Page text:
The paucity of information has enabled Beijing to counter reports of human rights abuses with claims that the reports are fabricated or merely anti-Chinese propaganda, and mount personal attacks [11] against some of the more prominent commentators on the plight of Xinjiang’s Muslims. If the arrest of Lai is the first step in a campaign to extinguish free media in Hong Kong, it won’t be long until Beijing is able to dictate the media narrative in Hong Kong in the same way it does in Xinjiang. To paraphrase the Washington Post’s masthead, human rights die in darkness.

Third, Beijing has been allowed to act in Xinjiang with relative impunity. While some commentators were encouraged by Washington’s decision in early July to target Chinese officials responsible for human rights abuses in Xinjiang with sanctions under the Magnitsky Act [12], there was no real cause for optimism. The symbolism of these sanctions was largely lost in the noise surrounding Washington’s increasingly toxic relationship with Beijing and ultimately their impact will likely be so inconsequential as to be meaningless.

And even when 22 countries issued a statement [13] condemning Beijing’s treatment of its Uyghur minorities in mid-2019, almost twice as many countries [14] were prepared to commit their names to a register of shame praising Beijing’s ‘remarkable achievements in the field of human rights’.

Chinese investment bought the silence and complicity of a large number of states with regard to the human rights abuses it is perpetrating in Xinjiang. And, despite the strength of the Hong Kong diaspora and Hong Kong’s status as a technologically advanced global financial hub, it’s possible that Chinese money will also buy the silence of other countries if Beijing embarks on a brutal campaign to bring the Hong Kong populace to heel. Already, 53 countries [15] have voiced their support for Hong Kong’s national security law, eerily echoing earlier support for Beijing’s campaign in Xinjiang.

But there is a further aspect to Hong Kong that differentiates it from Xinjiang, and which may prove to be the primary determinant of its future. Hong Kong’s vibrant, innovative and cosmopolitan population has a long tradition of active political and social participation, public mobilisation and debate on issues affecting Hong Kong society.

Hong Kong, along with Taiwan, is a model of Chinese society that is free, vibrant, engaged and wealthy. By its very existence, Hong Kong stands as a direct rebuke to the hyper-intolerant, oppressive and totalitarian regime in Beijing.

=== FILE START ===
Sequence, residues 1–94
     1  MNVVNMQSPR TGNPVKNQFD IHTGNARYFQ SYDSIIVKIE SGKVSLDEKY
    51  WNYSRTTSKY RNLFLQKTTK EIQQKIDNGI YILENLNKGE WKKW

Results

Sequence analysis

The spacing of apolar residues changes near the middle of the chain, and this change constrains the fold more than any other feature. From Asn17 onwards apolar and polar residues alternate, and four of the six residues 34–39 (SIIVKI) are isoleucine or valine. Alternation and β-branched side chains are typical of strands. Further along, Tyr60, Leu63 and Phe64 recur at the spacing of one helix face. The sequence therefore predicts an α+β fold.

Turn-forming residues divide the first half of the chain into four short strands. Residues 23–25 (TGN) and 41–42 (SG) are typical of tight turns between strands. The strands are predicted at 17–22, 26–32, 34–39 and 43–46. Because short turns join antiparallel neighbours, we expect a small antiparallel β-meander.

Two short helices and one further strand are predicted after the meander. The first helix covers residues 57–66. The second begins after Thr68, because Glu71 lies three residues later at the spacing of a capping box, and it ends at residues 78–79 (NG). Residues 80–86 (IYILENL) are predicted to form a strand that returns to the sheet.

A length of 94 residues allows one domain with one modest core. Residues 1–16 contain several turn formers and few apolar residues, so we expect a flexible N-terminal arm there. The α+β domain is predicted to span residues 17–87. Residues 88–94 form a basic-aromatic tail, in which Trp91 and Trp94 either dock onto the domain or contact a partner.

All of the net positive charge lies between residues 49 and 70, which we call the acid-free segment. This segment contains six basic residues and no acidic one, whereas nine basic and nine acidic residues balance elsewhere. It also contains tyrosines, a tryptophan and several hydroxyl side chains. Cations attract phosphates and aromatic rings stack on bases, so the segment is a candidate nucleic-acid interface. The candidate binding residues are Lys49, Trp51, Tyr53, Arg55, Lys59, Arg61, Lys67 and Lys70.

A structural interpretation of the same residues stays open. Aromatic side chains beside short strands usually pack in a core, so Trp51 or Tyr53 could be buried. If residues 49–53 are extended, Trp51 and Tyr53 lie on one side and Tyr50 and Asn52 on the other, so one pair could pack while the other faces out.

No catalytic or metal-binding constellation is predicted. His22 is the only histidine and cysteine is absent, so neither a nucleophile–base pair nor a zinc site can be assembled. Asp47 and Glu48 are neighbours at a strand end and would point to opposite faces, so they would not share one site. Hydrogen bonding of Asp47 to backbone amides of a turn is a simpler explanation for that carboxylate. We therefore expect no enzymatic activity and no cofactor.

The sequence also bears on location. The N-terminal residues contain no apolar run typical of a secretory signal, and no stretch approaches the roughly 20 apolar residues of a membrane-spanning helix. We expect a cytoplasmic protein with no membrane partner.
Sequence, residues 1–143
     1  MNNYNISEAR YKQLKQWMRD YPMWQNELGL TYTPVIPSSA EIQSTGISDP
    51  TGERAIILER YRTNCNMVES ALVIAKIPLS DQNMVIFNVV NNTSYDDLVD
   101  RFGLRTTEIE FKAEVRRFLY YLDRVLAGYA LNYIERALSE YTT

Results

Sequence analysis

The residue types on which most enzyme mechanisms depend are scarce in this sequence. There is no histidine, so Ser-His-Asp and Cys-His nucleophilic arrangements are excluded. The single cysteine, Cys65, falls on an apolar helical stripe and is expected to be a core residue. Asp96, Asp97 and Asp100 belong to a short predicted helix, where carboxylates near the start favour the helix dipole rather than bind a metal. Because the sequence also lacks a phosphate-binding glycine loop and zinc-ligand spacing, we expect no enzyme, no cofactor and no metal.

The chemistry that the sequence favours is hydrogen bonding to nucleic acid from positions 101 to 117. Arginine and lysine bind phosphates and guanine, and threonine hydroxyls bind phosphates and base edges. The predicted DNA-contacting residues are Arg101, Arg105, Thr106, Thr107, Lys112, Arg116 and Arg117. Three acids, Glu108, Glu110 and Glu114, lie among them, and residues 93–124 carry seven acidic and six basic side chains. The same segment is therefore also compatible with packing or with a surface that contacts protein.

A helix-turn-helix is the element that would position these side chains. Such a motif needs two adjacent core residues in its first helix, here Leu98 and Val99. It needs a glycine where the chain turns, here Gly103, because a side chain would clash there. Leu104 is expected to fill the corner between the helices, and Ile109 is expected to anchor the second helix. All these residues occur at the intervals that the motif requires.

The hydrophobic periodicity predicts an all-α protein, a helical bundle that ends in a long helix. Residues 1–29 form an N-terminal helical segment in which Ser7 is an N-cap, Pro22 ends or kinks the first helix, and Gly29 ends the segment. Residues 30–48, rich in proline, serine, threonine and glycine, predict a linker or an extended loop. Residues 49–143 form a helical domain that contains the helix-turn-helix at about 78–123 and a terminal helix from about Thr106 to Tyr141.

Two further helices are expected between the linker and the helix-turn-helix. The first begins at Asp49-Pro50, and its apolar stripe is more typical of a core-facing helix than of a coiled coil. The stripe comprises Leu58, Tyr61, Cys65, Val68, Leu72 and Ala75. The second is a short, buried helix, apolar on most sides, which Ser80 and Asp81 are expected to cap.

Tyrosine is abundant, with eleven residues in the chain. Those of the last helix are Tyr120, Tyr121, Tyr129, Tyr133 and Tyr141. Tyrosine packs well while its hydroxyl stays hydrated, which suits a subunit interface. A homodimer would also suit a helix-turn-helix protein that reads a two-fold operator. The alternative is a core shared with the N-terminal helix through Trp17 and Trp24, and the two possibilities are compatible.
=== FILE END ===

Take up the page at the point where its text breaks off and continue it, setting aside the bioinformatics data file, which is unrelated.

Hongkongers, then, present a much more fundamental threat to the enduring authority of Beijing than the Uyghurs of Xinjiang ever have, and will likely be treated accordingly.

Article printed from The Strategist: https://www.aspistrategist.org.au

URL to article: https://www.aspistrategist.org.au/xinjiang-provides-a-window-on-hong-kongs-future/

URLs in this post:

[1] arrest: https://www.theguardian.com/world/2020/aug/11/hong-kongs-apple-daily-vows-to-fight-on-after-arrest-of-jimmy-lai

[2] national security law: https://www.scmp.com/news/hong-kong/politics/article/3091595/hong-kong-national-security-law-read-full-text

[3] ambiguously worded offences: https://www.bbc.com/news/world-asia-china-52765838

[4] drawn: https://twitter.com/CarlMinzner/status/1289056212093296640

[5] deeply ingrained anti-Muslim sentiment: https://www.hudson.org/research/15095-the-anti-islamic-movement-in-china

[6] Second East Turkestan Republic: https://en.wikipedia.org/wiki/Second_East_Turkestan_Republic

[7] program of genocide: https://foreignpolicy.com/2020/07/15/uighur-genocide-xinjiang-china-surveillance-sterilization/

[8] mass incarceration: https://www.rfa.org/english/news/uyghur/detainees-11232019223242.html

[9] forced labour: https://www.aspi.org.au/report/uyghurs-sale

[10] organ harvesting: https://chinatribunal.com/final-judgment/

[11] personal attacks: https://www.globaltimes.cn/content/1197187.shtml

[12] sanctions under the Magnitsky Act: https://thediplomat.com/2020/07/us-enacts-magnitsky-sanctions-on-chinese-officials-for-xinjiang-abuses/

[13] statement: https://www.theguardian.com/world/2019/jul/11/more-than-20-ambassadors-condemn-chinas-treatment-of-uighurs-in-xinjiang

[14] almost twice as many countries: https://www.independent.co.uk/news/world/asia/china-mass-detentions-uighur-muslims-un-letter-human-rights-a9003281.html

[15] 53 countries: https://thediplomat.com/2020/07/which-countries-support-the-new-hong-kong-national-security-law/